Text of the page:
Place your products USPs on the side of your packaging to remind your customer that buying from you was the right decision. Add personality by placing a cheeky greeting on the inside lid of your packaging. Use a custom insert that presents your product to the user, almost like a museum attraction.
5. Setting up trade show and conference booths
Whether physical or virtual, conferences and trade shows are a fantastic way to spread your brand amongst engaged audiences. The challenge is to ensure that the individuals representing your brand know how to do so in the right light, and that your trade show booth is set up perfectly.
Will the presenter speak about the problems that your product solves, with little to no mention of your brand, or will it be entirely focussed on you? If you're part of a panel and seated next to your competitors, it's essential to bring attention to what makes you unique.
Conferences and trade shows often go in hand. The booths at trade shows present a tremendous physical offline branding opportunity, as patrons can walk into your brand, touch it, feel it and talk with it—or, at least, a member of your team.
Banners, flags, and other advertising materials should represent your brand in the right light, but like billboards and print, space is at a premium. Any take-home material should remind a customer of the conversation they had with a person at the show, rather than “sell” them your product from start to finish.
Your brand personality explains the characteristics your brand would have if it were a real person. It's your trade show booth that demonstrates that this is where that person would hang out and spend their time.
Impress passers-by with eye-catching product showcases and interactive displays. A TV with a video on repeat is ok—your product working in the flesh is better.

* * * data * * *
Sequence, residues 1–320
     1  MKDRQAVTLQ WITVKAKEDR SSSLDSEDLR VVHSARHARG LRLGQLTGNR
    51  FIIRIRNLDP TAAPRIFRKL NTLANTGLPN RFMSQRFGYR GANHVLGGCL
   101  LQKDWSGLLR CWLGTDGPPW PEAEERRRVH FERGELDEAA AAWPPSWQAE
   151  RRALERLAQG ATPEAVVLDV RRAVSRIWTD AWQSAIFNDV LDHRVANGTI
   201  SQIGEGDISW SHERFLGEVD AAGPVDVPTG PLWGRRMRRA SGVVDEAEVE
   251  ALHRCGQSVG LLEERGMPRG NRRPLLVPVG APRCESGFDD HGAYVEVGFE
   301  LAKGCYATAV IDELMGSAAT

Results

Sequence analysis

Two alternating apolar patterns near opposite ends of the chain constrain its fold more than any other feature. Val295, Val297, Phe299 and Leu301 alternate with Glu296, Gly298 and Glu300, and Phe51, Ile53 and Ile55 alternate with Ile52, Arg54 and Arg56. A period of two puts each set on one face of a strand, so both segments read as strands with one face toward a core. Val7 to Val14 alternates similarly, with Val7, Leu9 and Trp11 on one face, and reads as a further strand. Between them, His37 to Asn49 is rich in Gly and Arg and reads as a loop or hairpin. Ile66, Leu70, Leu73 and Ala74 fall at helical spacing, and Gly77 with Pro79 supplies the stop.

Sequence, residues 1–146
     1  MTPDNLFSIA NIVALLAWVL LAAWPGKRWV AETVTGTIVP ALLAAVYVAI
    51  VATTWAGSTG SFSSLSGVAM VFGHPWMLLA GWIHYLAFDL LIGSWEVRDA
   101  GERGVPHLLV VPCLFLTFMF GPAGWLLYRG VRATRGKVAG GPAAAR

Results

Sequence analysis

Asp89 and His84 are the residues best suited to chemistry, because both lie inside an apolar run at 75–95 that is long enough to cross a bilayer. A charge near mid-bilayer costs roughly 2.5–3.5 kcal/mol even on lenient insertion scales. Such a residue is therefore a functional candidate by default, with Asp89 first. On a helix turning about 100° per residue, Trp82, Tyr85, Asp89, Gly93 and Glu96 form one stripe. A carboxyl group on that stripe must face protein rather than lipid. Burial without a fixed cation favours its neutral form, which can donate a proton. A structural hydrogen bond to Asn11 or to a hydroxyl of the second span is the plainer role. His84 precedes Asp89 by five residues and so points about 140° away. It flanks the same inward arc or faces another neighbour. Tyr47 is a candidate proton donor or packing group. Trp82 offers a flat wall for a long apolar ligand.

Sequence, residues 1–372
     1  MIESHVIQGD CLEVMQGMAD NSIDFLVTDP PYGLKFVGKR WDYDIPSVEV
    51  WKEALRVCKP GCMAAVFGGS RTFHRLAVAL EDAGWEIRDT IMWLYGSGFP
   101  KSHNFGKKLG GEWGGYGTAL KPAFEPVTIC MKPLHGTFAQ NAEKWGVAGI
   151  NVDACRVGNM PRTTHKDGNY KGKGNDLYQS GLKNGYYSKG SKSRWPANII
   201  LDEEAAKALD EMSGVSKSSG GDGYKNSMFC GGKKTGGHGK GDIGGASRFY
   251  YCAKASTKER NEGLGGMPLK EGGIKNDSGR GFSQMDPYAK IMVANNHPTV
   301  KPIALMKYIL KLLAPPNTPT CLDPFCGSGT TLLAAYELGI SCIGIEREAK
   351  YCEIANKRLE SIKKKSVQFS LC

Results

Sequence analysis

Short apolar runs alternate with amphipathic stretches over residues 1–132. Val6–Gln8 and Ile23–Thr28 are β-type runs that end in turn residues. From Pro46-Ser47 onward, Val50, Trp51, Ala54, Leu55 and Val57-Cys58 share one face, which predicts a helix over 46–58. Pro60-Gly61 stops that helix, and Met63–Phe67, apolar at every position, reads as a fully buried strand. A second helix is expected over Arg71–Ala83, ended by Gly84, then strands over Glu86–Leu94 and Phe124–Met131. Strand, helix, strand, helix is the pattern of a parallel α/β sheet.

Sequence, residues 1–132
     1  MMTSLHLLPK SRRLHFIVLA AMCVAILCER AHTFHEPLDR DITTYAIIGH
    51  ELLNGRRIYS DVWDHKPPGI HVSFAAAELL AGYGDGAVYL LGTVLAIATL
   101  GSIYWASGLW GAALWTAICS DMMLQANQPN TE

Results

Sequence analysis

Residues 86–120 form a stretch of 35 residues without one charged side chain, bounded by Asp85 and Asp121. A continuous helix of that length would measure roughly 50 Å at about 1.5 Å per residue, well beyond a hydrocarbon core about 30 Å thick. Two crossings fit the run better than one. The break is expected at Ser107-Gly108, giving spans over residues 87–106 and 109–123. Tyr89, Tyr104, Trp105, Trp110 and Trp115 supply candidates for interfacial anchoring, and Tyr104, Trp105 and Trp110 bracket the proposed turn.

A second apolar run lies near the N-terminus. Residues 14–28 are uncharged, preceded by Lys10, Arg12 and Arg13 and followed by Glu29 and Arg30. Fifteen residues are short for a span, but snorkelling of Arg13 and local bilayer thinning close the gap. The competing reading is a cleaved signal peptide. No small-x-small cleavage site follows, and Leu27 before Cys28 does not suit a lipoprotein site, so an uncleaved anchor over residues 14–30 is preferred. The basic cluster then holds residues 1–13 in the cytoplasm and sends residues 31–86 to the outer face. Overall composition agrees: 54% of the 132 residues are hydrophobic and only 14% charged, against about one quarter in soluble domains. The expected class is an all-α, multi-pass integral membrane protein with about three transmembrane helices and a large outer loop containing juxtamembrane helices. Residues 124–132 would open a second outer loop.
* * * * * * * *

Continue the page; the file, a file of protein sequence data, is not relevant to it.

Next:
6. Translating your brand into scripts and sounds
Podcasts are a great medium for building brand awareness, whether you’re joining episodes as a guest or sponsoring the podcasts.
Plus, radio is an almost forgotten marketing medium for brands of all shapes and sizes. It's much more than just music and talkback. Half of Europeans listen to the radio once a day. That's a giant audience that's waiting to be engaged.
British meal kit service, Hello Fresh, invests heavily in radio advertising. It's just one of the ways they've become the dominant company.
The branding challenges that come with radio advertising are unique, as it's not a visual medium. Does your brand have a jingle or a song? Your slogan might look good on paper, but how does it translate into the spoken word? This is something to consider when figuring out your offline advertising.
Keep this in mind for your offline branding
While offline and online marketing has some similarities, you can't always copy your marketing strategies from one to the other. Here's a recap of the biggest mistakes you need to avoid:
- Keeping your brand consistent
- Sticking to your brand voice
- Choosing the right media placements
- Using packaging for experiential marketing
- Setting up tradeshows and conference booths
- Translating your brand into scripts and sounds
So what should you focus on instead? Exploring what makes your brand unique and finding ways to take those values onto the wide variety of offline marketing mediums you've just seen can help your brand stand out from competitors who rely on just online marketing.
About the author
Phil is a hairy Australian living in Warsaw, Poland. When he’s not helping take Packhelp’s boxes to the world, he can be found trying to not kill his plants, hanging out with his dog or writing for his blog expatspoland.